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Diesel Prices Head Back Up

March 23, 2009

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After falling nearly every week since they peaked last July, diesel prices this week took a hike back upward, with the national average price of a gallon jumping 7.3 cents to $2.09.


Prices rose in every region except New England, which had the highest price at $2.403 and remained unchanged from last week. The lowest prices were seen in the Rocky Mountain region at $2.036. The biggest jump in price was seen in the Gulf Coast region, where the average price was up 8.7 cents per gallon to $2.060. All regions saw the average price rise back up to over the $2-a-gallon mark.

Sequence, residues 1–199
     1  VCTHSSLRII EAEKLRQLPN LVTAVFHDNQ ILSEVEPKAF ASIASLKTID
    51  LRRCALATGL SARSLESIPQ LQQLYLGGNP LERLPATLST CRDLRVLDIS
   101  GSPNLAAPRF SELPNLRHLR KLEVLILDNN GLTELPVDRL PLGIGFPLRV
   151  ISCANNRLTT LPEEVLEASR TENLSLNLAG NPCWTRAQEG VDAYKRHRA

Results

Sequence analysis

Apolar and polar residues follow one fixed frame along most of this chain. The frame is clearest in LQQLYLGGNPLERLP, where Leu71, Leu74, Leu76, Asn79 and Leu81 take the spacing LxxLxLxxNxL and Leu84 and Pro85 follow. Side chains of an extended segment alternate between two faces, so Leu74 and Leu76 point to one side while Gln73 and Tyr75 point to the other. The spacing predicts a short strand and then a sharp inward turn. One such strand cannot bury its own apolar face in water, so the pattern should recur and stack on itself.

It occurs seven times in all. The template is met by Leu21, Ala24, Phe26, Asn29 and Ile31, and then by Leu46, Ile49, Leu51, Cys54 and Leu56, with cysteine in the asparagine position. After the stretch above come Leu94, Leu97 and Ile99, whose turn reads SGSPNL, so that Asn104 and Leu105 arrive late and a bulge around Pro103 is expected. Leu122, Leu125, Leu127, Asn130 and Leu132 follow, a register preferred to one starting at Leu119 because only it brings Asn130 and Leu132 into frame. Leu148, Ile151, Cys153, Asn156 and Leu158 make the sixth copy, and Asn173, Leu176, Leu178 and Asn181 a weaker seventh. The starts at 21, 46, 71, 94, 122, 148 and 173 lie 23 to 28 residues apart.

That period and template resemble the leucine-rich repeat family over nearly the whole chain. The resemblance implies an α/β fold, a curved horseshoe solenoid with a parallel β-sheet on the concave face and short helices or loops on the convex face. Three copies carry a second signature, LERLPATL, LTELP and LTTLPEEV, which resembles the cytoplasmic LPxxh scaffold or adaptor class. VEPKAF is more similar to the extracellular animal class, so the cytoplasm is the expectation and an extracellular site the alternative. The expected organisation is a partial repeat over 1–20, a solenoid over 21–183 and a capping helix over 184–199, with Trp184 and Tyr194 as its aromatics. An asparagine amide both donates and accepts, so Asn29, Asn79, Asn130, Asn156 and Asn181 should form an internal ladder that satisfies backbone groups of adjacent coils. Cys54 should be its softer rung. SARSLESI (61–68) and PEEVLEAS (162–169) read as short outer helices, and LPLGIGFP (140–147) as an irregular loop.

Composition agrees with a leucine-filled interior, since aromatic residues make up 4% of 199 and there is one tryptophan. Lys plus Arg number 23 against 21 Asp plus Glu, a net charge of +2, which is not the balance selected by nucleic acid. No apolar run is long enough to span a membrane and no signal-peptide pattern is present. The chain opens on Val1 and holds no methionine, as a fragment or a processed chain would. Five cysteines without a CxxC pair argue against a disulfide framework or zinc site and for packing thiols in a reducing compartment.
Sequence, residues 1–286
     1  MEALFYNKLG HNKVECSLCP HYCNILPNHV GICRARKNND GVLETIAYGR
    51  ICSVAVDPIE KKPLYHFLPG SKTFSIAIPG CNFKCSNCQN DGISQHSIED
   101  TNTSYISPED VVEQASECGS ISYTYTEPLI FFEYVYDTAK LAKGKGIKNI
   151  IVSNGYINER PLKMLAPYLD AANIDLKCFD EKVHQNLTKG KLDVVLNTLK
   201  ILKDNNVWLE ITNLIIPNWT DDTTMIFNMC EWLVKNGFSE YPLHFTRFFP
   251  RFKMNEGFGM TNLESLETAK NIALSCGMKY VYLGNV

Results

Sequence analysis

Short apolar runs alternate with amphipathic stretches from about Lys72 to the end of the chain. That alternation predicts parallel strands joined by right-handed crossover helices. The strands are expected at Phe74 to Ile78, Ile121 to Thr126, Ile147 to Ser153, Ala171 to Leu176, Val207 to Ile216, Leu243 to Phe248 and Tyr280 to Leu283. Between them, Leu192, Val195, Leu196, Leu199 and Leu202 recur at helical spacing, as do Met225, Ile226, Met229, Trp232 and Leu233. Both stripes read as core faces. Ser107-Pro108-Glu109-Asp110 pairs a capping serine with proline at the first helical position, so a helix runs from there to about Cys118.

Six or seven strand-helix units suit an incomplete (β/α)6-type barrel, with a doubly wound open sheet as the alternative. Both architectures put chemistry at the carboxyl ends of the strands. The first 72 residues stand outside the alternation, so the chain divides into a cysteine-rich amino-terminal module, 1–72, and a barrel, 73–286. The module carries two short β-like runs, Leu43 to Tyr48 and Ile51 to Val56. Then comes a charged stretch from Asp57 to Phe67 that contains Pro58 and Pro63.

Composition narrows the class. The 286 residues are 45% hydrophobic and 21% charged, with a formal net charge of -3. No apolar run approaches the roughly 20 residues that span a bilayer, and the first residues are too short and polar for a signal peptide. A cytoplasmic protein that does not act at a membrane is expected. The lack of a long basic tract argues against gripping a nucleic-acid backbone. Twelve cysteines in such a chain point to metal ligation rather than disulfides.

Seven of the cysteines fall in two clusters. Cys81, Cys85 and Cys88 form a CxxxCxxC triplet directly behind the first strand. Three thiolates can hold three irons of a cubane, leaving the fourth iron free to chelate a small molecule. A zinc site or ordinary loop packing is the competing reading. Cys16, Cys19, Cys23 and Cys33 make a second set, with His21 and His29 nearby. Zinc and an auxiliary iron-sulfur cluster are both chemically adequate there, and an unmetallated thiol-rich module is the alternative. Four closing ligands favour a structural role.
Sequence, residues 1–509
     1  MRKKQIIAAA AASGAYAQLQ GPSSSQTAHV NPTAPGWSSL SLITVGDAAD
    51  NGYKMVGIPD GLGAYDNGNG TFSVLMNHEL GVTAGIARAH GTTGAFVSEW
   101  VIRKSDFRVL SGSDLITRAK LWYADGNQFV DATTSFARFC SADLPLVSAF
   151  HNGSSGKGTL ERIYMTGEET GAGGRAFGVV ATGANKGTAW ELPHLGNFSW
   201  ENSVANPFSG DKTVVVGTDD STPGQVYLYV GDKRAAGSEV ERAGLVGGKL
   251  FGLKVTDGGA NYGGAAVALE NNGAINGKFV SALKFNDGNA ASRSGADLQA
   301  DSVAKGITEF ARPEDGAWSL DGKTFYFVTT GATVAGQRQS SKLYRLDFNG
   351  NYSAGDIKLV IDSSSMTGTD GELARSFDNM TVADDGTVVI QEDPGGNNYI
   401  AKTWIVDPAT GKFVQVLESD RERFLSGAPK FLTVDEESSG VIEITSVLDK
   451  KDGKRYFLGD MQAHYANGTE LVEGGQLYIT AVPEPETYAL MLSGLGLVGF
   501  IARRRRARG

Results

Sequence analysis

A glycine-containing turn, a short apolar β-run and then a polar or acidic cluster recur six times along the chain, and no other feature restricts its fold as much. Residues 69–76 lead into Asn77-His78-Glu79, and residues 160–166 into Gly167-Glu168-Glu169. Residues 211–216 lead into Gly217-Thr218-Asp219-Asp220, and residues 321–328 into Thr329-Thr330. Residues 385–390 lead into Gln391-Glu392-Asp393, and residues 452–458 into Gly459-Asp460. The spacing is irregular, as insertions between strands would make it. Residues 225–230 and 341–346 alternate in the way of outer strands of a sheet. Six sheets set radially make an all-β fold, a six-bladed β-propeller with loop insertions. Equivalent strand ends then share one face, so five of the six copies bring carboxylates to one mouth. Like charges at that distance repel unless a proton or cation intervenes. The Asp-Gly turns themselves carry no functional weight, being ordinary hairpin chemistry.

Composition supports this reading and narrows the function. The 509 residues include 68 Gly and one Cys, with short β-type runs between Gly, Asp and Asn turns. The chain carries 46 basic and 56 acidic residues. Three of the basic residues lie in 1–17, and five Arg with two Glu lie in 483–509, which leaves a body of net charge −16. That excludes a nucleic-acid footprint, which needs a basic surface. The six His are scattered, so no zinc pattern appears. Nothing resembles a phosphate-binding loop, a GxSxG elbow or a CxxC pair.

It's not surprising, since crude oil prices have been creeping back up as well. Oil prices rose $1.73 to finish the day at $53.80 a barrel Monday on the New York Mercantile Exchange, after briefly topping $54 a barrel during the day's trading. On Friday, oil ended the week above $50 for the first time this year, reports the Associated Press, and prices have risen more than 30 percent this month.

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The higher crude oil prices are due to better economic news that has fueled hopes demand will be picking up. OPEC oil cuts are also credited as a factor in the higher crude prices. Algeria's Energy Minister Chakib Khelil predicted Sunday that crude oil prices could hit $60 per barrel by the end of the year, AP reports.


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